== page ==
Sunflowers and Chimneys
Sydney Park has undergone a major transformation over the past two decades. The land was originally given as a grant to a convict woman and has since served Sydney as a site for crops and food production, brick making, gas storage and waste disposal. When the New South Wales state government first envisaged turning the site into a public green space in the early 1980s, a key factor in transforming the site was to preserve some of the history associated with it.
Spanning 44 hectares, the park is the largest in Sydney and is connected by about 12 kilometres of pathways. The vast majority of the vegetation on the site was planted as part of a community effort in the early 1990s. The park now has nine hectares of gardens and 28,000 native trees, including 277 Port Jackson and Moreton Bay fig trees. Fifty types of mammals, native birds, frogs and reptiles also frequent the park.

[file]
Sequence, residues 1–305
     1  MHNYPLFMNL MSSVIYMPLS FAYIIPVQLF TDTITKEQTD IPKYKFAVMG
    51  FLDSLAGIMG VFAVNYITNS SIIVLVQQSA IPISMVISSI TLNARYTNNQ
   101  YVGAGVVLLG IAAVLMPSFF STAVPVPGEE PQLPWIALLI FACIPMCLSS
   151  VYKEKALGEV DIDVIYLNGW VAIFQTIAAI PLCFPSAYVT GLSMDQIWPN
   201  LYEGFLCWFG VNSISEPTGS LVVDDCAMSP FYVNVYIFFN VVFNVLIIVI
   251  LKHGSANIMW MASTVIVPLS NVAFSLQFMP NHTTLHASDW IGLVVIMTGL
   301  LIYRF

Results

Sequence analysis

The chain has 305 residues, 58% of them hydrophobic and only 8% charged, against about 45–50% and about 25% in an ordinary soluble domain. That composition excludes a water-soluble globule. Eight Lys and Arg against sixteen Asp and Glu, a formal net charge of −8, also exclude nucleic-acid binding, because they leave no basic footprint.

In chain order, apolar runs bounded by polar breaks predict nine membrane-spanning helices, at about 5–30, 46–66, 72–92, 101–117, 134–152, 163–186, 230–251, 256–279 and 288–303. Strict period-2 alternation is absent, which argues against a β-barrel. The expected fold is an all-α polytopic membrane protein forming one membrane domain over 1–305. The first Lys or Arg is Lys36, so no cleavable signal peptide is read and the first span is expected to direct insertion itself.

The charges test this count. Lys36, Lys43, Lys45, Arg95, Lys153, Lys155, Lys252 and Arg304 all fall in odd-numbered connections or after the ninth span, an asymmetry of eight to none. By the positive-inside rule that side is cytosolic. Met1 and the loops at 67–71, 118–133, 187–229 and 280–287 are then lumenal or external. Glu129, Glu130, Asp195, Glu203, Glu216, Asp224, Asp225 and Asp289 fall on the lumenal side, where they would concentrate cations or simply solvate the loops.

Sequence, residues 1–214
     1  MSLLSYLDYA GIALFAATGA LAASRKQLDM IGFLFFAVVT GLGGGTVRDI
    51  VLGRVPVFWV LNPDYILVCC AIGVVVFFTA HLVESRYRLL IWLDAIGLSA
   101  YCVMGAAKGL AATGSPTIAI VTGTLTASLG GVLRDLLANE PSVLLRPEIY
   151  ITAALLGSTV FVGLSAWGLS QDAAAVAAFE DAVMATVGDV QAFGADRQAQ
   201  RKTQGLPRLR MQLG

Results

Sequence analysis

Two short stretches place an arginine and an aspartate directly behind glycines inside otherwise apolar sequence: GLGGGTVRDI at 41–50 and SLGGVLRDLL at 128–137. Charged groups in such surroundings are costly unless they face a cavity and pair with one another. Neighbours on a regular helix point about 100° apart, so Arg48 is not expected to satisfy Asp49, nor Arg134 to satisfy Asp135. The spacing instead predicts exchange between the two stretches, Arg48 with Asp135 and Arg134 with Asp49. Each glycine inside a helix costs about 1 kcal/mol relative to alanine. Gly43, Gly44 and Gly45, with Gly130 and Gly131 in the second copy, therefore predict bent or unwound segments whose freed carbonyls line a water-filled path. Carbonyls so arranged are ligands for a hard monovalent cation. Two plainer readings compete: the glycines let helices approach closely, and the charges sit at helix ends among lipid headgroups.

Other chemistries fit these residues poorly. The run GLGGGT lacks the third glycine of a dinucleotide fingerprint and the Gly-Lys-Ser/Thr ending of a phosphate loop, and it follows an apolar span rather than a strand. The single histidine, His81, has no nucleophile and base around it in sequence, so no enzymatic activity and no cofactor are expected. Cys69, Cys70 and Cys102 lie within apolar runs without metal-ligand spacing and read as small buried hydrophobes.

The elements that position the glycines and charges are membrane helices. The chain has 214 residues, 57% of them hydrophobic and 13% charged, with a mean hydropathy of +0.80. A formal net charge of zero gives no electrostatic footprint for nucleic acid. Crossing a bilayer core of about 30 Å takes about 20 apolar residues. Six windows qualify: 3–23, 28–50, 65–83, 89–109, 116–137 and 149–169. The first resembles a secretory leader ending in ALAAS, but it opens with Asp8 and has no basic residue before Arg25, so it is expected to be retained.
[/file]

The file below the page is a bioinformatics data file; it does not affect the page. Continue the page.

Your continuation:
The Sydney Morning Herald, February 11, 2012 Rubbish dump transformed into park oasis tips its hat to the past